Consider making the next-steps adaptive (e.g. “you should send your resume to this new connection”)
Most job fairs have lists of employers beforehand (like on Handshake)-- maybe this would be helpful for users to leverage when figuring out who to talk to
Think about specific use case scenario— Consider situations where people use this while waiting in line during job fairs (waiting process)
Consider prompting the user who hasn’t input recent data to confirm what types of jobs they are looking for to avoid erroneous recommendations (ex: if users are switching career paths)
Option to report error and better calibrate suggestions
Bottom line: there would absolutely be value for this feature, we just need to make it visible and flexible to user needs
Adaptive Interaction Flows
In the new adaptive interactive flow, a user clicks on “In the Room” and is face-to-face with six potential links. In the old design, users click on “Nearby” feature to find other users in the vicinity and a list of people pops up on the screen.
Our design is adaptive in that it prioritizes who is shown based on recent user’s activity to generate better matches between people. Furthermore, the user has the option to drill down for more information on a link by clicking “More info.”
Our design is primarily reactive, tailoring the recommendations based on user activity. There is also a proactive element whereby the user is recommended to talk to certain people who may be nearby, even if they weren’t initially part of their suggested.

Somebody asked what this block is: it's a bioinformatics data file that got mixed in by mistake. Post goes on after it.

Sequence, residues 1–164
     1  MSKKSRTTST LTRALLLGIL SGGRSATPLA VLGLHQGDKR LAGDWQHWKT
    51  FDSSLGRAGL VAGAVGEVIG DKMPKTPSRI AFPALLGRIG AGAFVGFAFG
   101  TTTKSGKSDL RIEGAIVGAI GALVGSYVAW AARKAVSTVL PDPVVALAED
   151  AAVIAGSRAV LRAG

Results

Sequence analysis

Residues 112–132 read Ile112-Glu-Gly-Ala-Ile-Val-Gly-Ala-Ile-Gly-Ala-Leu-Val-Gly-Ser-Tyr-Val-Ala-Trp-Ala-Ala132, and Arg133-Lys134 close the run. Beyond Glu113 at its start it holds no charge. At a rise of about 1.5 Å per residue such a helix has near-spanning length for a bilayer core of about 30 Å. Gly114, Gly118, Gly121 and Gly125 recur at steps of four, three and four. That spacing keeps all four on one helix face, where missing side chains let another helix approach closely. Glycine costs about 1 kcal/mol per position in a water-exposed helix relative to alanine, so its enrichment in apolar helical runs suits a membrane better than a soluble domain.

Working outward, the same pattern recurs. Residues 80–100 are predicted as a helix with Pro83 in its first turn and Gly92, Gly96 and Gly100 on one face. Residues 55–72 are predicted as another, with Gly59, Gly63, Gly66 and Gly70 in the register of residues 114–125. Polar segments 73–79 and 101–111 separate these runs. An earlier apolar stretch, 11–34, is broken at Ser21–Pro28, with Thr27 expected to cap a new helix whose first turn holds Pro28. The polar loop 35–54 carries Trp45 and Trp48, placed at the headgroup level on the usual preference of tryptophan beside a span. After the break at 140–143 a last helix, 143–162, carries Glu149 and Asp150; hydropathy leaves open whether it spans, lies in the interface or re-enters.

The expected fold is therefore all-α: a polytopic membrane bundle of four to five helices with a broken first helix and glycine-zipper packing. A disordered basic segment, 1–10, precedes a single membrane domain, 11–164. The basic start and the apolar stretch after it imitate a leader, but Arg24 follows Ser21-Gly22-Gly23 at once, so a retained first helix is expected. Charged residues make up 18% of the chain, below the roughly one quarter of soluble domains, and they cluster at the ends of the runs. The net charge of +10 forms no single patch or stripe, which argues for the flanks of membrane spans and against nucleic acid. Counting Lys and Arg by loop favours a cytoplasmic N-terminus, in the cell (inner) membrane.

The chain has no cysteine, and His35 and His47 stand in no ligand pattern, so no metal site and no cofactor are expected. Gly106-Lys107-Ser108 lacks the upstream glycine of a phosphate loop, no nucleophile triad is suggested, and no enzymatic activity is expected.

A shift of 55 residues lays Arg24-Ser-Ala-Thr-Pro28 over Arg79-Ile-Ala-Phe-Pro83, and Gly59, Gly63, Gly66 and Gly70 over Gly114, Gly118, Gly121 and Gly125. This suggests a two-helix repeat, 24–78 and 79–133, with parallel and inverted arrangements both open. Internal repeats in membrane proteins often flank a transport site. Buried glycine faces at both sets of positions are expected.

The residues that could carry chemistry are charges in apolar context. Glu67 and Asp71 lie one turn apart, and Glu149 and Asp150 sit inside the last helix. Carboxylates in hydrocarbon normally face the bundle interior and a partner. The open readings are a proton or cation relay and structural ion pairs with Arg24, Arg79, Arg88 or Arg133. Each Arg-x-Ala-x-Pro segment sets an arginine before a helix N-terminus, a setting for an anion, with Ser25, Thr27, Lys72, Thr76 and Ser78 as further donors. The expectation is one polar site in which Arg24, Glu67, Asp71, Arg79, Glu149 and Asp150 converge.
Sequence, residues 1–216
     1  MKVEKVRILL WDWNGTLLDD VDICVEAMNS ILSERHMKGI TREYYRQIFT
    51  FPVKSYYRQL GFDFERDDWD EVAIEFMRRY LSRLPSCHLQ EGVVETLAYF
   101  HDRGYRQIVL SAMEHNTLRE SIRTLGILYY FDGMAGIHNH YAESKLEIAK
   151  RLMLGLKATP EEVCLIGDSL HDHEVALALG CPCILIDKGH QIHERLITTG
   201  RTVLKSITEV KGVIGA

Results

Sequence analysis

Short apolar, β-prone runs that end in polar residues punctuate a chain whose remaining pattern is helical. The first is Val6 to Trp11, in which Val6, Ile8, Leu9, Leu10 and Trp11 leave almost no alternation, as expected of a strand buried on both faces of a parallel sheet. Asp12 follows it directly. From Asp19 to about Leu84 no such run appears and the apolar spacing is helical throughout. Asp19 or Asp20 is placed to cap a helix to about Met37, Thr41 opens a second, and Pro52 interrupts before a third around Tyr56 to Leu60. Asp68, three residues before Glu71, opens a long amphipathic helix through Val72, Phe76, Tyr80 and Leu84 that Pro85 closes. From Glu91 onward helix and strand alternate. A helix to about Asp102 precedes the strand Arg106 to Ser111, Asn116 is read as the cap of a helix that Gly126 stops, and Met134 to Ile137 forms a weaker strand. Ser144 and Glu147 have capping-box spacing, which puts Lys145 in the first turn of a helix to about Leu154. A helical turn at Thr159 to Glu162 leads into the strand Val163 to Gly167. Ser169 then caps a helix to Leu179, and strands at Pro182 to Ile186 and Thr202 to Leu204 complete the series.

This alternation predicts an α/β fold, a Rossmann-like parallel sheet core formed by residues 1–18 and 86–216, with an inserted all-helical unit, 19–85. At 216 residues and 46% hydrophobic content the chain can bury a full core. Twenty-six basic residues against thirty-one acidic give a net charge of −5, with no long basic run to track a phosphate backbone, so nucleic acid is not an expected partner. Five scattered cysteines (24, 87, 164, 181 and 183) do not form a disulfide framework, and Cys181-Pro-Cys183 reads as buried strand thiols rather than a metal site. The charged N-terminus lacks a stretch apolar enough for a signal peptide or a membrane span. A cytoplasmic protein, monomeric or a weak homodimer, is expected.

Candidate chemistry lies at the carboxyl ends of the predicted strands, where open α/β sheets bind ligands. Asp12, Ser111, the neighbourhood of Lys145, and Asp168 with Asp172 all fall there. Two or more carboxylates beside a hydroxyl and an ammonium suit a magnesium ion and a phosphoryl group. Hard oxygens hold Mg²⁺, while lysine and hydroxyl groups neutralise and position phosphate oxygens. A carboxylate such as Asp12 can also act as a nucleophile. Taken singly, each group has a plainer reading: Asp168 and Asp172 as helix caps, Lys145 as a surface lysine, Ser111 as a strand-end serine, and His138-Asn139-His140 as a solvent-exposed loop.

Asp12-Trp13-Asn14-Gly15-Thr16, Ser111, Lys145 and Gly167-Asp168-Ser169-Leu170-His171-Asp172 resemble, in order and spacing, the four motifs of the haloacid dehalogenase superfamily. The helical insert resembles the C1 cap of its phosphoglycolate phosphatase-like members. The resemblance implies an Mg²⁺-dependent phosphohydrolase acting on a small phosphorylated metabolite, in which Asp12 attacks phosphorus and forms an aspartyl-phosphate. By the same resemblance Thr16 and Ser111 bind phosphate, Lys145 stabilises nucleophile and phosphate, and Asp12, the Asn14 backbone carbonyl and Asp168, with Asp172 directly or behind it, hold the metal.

In addition, our design takes an intelligent approach over an if-then approach as its logic follows a more complex line of thinking than that of a linear decision tree.
To address error recovery, if the person is not a good match, the user can X out the person and the system learns from or adapts to user input and tries to generate a better pick in the next round. If the match is right, the user can connect, and the data is used for future matches.
With our design, we intend to leverage the benefits of the People You May Know feature and the Find Nearby feature to help autosuggest people nearby to you.
The job hunt can be exhausting and time-consuming — with our new feature In the Room, you can efficiently identify people worth talking to and immediately begin the networking process.
You only have one opportunity to make a first impression:
let In the Room get you there quicker.
Limitations and next steps
How would Bluetooth work at long distances? In large career fairs, how would the accuracy change?
Phones typically have Bluetooth range of up to 10 meters, so for these cases, rather than mapping location based on Bluetooth, we may consider combining this with GPS location
We think we could cross-reference invitation / RSVP lists with the In the Room feature, possibly expanding it to include spatial views beyond just in the room.
Consider all the parties involved: job hunters, recruiters, event coordinators. How to motivate all parties to turn on this feature?
Our team suggested that the event organizers would encourage use of the feature across all parties.
Would recruiters want users to get tips on how to talk to employees - would this be borderline creepy?
We plan to aggregate these tips from the user’s profile, which would already be publically available.
Job hunting is a messy problem space and this application would be useful from a suggestion standpoint
There’s value in a In the Room feature but the hardware / implementation side may be beyond the scope of this project.
Our team worked great together and this was a fun project! We wish this feature existed for future job hunts.